Russia says CIA agent caught trying to recruit spy
MOSCOW (Reuters) – Russia expelled a U.S. diplomat on Tuesday after saying he had been caught red-handed with disguises, special equipment and wads of cash as he tried to recruit a Russian intelligence agent to work for the CIA.
Apparently detained in an incongruous-looking blond wig, with props reminiscent of a schoolboy’s spy kit, U.S. Embassy Third Secretary Ryan Fogle hardly looked like a Cold War secret agent.
But the announcement still came at an awkward time for Washington and Moscow as they try to improve relations and bring the warring sides in Syria together for an international peace conference. Nevertheless, there was little sign that either country wanted to escalate the affair beyond a minimum response.
The Russian Foreign Ministry summoned U.S. Ambassador Michael McFaul to discuss the case on Wednesday and released a statement ordering Fogle to leave Russia.
“Such provocative actions in the spirit of the Cold War will by no means promote the strengthening of mutual trust,” it said.
In Washington, U.S. State Department spokesman Patrick Ventrell suggested the episode was unlikely to affect broader U.S.-Russian relations or plans for the Syria conference.
“I’m not sure I would read too much into one incident one way or another,” Ventrell said. He confirmed that an embassy officer had been briefly detained, but declined further comment.
Russia’s Federal Security Service (FSB) said Fogle had been detained overnight carrying “special technical equipment”, a disguise, a large sum of money and instructions for recruiting his target.
Russian television showed grainy footage of a man identified as Fogle, in a blond wig, being arrested and pinned to the ground.
WIGS, GLASSES AND COMPASS
A photo published by the state-run Russia Today channel on its website showed two wigs, apparently found on him, as well as three pairs of glasses, a torch, a mobile phone and a compass.
A man named as Ryan Fogle by the Russian Federal Security Service, stands at the receiving office of the Federal Security Service in Moscow, in this undated handout photograph released by the Press service of the Russian Federal Security Service May 14, 2013. Press service of Russian Federal Security Service/Handout via Reuters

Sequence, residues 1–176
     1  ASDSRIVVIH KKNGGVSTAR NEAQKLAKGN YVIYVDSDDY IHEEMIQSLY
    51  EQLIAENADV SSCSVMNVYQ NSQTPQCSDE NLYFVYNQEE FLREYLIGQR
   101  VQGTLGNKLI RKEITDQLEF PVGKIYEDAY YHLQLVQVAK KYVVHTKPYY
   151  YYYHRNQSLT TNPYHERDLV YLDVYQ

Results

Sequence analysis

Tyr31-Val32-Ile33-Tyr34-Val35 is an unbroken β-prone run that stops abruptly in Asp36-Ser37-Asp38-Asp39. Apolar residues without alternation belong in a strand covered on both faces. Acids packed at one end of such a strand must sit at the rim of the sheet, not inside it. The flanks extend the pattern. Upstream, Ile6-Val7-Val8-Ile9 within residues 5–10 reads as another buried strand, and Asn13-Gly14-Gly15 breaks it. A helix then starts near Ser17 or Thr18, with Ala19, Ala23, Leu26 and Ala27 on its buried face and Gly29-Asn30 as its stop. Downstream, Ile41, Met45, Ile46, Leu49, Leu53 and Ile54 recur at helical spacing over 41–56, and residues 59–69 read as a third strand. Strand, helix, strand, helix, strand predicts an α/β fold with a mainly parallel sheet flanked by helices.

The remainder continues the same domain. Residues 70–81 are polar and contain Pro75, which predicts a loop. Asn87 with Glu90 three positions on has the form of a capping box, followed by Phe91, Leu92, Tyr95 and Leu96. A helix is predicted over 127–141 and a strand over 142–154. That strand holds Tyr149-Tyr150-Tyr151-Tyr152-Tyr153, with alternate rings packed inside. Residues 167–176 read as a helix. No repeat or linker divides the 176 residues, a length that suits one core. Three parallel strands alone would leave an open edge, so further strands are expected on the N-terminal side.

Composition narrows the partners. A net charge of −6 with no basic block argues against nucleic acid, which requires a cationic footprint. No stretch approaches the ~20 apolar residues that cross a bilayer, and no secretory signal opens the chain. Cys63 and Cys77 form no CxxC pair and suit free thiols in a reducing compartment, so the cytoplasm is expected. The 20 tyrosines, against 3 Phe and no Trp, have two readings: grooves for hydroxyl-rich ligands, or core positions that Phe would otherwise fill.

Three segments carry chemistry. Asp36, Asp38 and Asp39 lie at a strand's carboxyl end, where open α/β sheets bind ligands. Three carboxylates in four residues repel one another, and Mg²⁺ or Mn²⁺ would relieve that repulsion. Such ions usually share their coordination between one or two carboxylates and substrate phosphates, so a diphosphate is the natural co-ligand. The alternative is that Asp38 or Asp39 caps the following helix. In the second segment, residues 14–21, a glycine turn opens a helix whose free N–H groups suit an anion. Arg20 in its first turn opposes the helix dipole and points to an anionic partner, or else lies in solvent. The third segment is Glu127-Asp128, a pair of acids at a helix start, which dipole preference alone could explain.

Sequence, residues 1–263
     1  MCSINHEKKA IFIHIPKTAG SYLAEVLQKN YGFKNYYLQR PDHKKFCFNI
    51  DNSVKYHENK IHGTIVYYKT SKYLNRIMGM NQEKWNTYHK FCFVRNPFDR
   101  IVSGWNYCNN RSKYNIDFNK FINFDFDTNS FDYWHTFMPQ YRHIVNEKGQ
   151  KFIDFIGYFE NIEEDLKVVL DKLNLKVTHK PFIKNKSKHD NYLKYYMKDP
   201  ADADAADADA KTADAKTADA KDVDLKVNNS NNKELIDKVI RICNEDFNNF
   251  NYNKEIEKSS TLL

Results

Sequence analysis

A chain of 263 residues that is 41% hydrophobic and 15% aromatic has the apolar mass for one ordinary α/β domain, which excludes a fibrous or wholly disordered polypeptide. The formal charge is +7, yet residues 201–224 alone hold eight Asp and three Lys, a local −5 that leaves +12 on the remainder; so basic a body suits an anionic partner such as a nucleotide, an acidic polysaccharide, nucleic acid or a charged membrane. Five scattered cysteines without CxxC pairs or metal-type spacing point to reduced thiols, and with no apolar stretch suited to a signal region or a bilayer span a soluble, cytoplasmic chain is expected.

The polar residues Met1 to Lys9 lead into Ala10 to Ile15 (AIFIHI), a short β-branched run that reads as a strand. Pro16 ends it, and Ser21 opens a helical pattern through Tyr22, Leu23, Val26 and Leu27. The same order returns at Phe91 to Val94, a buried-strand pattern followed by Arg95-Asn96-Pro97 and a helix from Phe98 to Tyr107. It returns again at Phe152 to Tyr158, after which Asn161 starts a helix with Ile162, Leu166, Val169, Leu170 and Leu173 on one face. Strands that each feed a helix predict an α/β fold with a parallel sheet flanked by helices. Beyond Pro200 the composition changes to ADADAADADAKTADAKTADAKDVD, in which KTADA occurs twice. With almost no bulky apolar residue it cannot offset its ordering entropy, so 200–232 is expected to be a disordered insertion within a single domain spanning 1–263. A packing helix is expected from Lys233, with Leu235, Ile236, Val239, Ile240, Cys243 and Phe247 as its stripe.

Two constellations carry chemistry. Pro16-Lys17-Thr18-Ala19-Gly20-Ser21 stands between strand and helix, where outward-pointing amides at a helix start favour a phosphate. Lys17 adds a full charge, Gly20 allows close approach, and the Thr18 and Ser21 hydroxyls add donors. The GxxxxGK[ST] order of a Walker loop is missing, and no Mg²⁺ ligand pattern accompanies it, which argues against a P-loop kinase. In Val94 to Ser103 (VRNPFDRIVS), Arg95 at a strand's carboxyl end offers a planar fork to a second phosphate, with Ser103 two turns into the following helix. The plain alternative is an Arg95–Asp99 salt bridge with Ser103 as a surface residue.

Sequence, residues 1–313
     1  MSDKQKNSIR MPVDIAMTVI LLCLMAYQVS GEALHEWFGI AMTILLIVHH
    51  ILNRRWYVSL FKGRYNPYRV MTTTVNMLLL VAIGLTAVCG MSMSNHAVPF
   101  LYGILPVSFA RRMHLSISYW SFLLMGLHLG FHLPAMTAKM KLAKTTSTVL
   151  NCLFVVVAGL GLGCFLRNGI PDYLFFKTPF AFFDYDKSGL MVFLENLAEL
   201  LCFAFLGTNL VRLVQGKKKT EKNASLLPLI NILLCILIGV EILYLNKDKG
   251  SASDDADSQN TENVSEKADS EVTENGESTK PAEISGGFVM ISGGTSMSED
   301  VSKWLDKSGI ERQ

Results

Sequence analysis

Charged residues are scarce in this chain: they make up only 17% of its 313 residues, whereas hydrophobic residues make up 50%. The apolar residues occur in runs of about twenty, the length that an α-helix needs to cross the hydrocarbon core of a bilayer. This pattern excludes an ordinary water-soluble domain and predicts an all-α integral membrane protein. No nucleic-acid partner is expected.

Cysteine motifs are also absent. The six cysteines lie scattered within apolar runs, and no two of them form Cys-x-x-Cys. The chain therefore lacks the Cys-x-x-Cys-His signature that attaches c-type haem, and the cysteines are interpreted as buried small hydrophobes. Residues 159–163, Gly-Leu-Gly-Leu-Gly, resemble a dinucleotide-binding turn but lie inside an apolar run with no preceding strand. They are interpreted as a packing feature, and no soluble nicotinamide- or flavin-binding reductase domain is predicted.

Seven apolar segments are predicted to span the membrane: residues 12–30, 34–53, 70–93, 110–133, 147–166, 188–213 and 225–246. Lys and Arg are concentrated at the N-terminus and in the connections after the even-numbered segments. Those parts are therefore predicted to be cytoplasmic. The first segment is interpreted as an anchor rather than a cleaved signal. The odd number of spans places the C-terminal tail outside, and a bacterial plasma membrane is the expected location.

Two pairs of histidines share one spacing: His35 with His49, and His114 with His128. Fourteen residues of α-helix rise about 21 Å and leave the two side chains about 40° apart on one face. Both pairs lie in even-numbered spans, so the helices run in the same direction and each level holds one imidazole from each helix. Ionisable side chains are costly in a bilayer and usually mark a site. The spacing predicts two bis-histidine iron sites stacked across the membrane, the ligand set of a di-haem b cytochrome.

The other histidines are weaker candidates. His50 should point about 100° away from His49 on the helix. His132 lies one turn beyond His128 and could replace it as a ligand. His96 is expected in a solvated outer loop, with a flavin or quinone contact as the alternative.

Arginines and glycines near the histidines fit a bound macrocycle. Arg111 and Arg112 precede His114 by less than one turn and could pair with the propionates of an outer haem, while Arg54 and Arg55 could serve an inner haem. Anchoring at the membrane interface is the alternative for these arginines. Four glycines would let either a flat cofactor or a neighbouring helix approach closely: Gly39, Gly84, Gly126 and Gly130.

Also displayed was a wad of 500-euro ($650) notes and a letter printed in Russian and addressed to a “Dear friend”.
“This is an advance from someone who has been highly impressed by your professionalism, and who would highly value your cooperation in the future,” the letter said. It offered an initial payment of $100,000, and $1 million a year for long-term cooperation, plus possible bonuses for useful information.
The FSB, a successor to the Soviet KGB, said Fogle worked for the Central Intelligence Agency and that he had been handed over to embassy officials at some point after his detention.
RT footage showed a Russian official haranguing Fogle, a senior U.S. embassy official and two others in an FSB office. The speaker says Fogle twice called his target – an officer involved in counterterrorism in the restive North Caucasus – and proposed that he spy for the United States.
McFaul, frequently been criticised by Russian media for his critical views on Russia, was holding a question-and-answer session on Twitter as the detention was announced, but refused to take questions on the matter.
More than two decades after the end of the Cold War, spying – and spy scandals – are still far from unusual.
The last significant one was in 2010, when 10 Russian agents including Anna Chapman were arrested in the United States and later deported in exchange for four Russians imprisoned on charges of spying for the West.
THAW TO GO ON?
U.S.-Russian relations had thawed markedly under Obama’s first-term “reset” of ties, but have chilled again since Putin, himself a former KGB spy, returned to the presidency a year ago.
Putin has accused the United States of encouraging protests against him, and Russia has ejected the U.S. Agency for International Development and curbed U.S.-supported NGOs in moves it says are aimed at preventing foreign meddling.
But both Obama and Putin have signalled they want to patch things up again, and the countries are trying to improve counterterrorism cooperation after the Boston Marathon bombings. FBI chief Robert Mueller visited Moscow for talks last week.
Detained Boston bombing suspect Dzkhokhar Tsarnaev and his brother Tamerlan, who was shot dead by police, are ethnic Chechen brothers who lived briefly in the Russian Caucasus.
Samuel Charap, senior fellow at the International Institute for Strategic Studies, said Moscow’s handling of the incident would show whether it wanted to continue the recent thaw.
“Does the Russian government do what the U.S. did in 2010, and act quickly to defuse the issue, or does it use the incident to escalate tensions? That is the key question now.”
Most analysts said the row would blow over.
“On the higher level … both countries have always been adept at isolating these incidents from wider relations,” said Matthew Clements, Eurasia analyst at IHS Janes.
Alexei Pushkov, a Kremlin ally who chairs the international affairs committee in Russia’s lower parliament house, said the scandal would not get in the way of talks between Russian Foreign Minister Sergei Lavrov and U.S. Secretary of State John Kerry on how to tackle Syria’s civil war.